The Next Horizon: Exploring the Enigma of 128-bit CPUs

Maybe you have heard the term ‘bit’ before. If you have had any interaction whatsoever with computing, or indeed if you have simply heard of it, then it’s far from vacuous. The bit is central to the entire field, and the progression of generations of technology up-and-down in bit-sizes has been the very backbone of technological development. From the 8-bit pixellated nostalgia of early video games to the modern 64-bit worlds of Google Docs, bit-sizes banner new generations of computing technology. So what? So why don’t we use 128-bit CPUs? This essay will try to answer this pun beneath the pun, but not by lecturing you on Moore’s law. Instead, it’s an attempt to look at the very nature of why technological development seems to progress the way it does, why sometimes a doubling-down doesn’t do the job.

What's in a Bit? Unraveling the Basics

The humble bit — a binary digit that can represent a 0 or a 1 — is what runs through the veins of the digital world and is at the very least the most basic unit of data. When we talk about how ‘bitness’ a CPU is, we’re really talking about how many bits it can deal with — specifically, how many at one time, which correlated directly to how much memory it could address. A leap of 32-bits to 64-bit architectures wasn’t just an incremental increase; it was a massive leap that increased a system’s addressable memory space by a massive factor.

The Evolutionary Path: From 1-bit to 64-bit

Following the evolution of CPUs is a great way to understand the appeal of simply adding more bits – and how it turned into what it is today. The move from 1-bit to 8-bit opened the gate to the era of arcade machines and game consoles, bringing us to a world where digital entertainment started to bloom. From 8-bit to 16-bit and to 32-bit wasn’t just adding a few more digits to the number; it was a revolution itself, bringing better precision to timing constraints, more intensity to displayed colours, and more complexity to what computers could do.

The Paradox of 128-bit: A Solution in Search of a Problem

But what about 128-bit? The answer is both technological and practical. Individual elements within compute cores – for example, a vector calculation block known as an SIMD (single-instruction, multiple-data) unit – are naturally suited to 128-bit (and beyond). But extending this to the entire CPU is not in keeping with current requirements. A 128-bit CPU could accommodate an astronomical number of different values more in the realm of theoretical than practical.

Potential applications such as IPv6 addresses and UUIDs for unique identifiers would also work well within a 64-bit system. So, we are faced with the odd circumstance where the hardware can support 128-bit CPUs, but no-one has the motivation to build them.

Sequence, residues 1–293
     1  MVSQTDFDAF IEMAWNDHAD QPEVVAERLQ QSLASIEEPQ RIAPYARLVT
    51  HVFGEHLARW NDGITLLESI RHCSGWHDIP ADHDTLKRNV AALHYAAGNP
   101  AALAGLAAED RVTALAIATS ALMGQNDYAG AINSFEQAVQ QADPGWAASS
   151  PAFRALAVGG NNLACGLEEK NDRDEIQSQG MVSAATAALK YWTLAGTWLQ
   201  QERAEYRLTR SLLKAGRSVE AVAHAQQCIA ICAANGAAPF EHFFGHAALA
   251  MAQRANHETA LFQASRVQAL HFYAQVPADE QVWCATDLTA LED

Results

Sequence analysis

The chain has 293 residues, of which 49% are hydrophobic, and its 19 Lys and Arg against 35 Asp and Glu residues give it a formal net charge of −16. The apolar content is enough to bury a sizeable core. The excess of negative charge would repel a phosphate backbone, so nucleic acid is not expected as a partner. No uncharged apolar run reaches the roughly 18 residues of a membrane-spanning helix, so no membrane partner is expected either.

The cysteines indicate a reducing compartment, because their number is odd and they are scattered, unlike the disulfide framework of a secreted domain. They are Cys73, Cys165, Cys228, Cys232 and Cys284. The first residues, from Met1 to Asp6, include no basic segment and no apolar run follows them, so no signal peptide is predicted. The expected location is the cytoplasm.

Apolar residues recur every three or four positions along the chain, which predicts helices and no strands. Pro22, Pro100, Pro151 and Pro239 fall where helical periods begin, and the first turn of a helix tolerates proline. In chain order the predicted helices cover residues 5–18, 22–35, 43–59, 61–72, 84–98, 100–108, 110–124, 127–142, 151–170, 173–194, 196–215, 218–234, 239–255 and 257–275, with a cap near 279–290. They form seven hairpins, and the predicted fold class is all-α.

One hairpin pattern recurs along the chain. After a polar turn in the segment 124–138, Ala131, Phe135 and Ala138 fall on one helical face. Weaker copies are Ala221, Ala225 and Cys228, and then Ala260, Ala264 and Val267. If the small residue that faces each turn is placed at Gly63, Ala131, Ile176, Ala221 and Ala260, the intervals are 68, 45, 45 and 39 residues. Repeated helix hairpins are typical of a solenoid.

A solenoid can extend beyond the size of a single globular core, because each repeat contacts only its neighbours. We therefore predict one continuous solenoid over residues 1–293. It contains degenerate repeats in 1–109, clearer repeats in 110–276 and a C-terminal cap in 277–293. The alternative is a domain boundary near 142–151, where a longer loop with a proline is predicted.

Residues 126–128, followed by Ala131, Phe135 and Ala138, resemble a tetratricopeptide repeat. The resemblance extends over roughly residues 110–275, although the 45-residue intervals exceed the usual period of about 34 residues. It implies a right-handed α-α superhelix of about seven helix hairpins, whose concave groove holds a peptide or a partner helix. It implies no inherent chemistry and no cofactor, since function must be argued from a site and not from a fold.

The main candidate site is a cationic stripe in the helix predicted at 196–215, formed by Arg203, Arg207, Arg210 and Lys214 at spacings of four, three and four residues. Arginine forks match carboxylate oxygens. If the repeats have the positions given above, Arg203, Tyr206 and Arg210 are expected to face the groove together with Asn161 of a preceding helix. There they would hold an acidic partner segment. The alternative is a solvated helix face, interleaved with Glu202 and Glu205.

A Glimpse Into the Future: Will 128-bit Ever Make Sense?

As to future-proofing deployments against 128-bit computing, this is fun to imagine. At least for now, the open-endedness of RISC-V’s ISA means that doors aren’t exactly closed. It may be that the ability to emulate universes, or that we need to solve problems of utmost incomprehensibility, is going to demand it, or could demand it. But for the moment, that’s more likely to remain a fun fantasy world than a home reality.

Conclusion: The Journey Continues, With or Without 128-bit CPUs

The 1-bit to 64-bit CPU evolution reflects a technology advancement journey grounded in need, ingenuity, and a never-ending quest to see what’s over the next horizon. As humanity pushes the limits of computed bits, it won’t be about adding more bits so much as increasing the efficiency, power and capability to tackle the hard problems of today, tomorrow, and the day after that. For all the hyperbole, will 128-bit CPUs play a role? Good question. However it’s not strictly a technical issue, but a function of what we need to excel and overcome.

Understanding CONSOLES

Having already considered the trajectory of many-bit computing from the 1990s on, it’s important to stop here to think about consoles’ role in the progression from 8-bit gaming to 64-bit immersion, and why that matters to our overall approach. The consoles’ driving role in the development of computing ‘bits’ make those bits feel tangible, allowing us to take a step back and see the trajectory of progress – the increasing number of bits translating into a corresponding increase in the ways in which computing technology can serve the user. For many people, the jump from 64 to 128 bits is meant to be more than a matter of technological progress; it’s about the new ways in which you can apply that tech to your life and make it fun.

Jun 16, 2024
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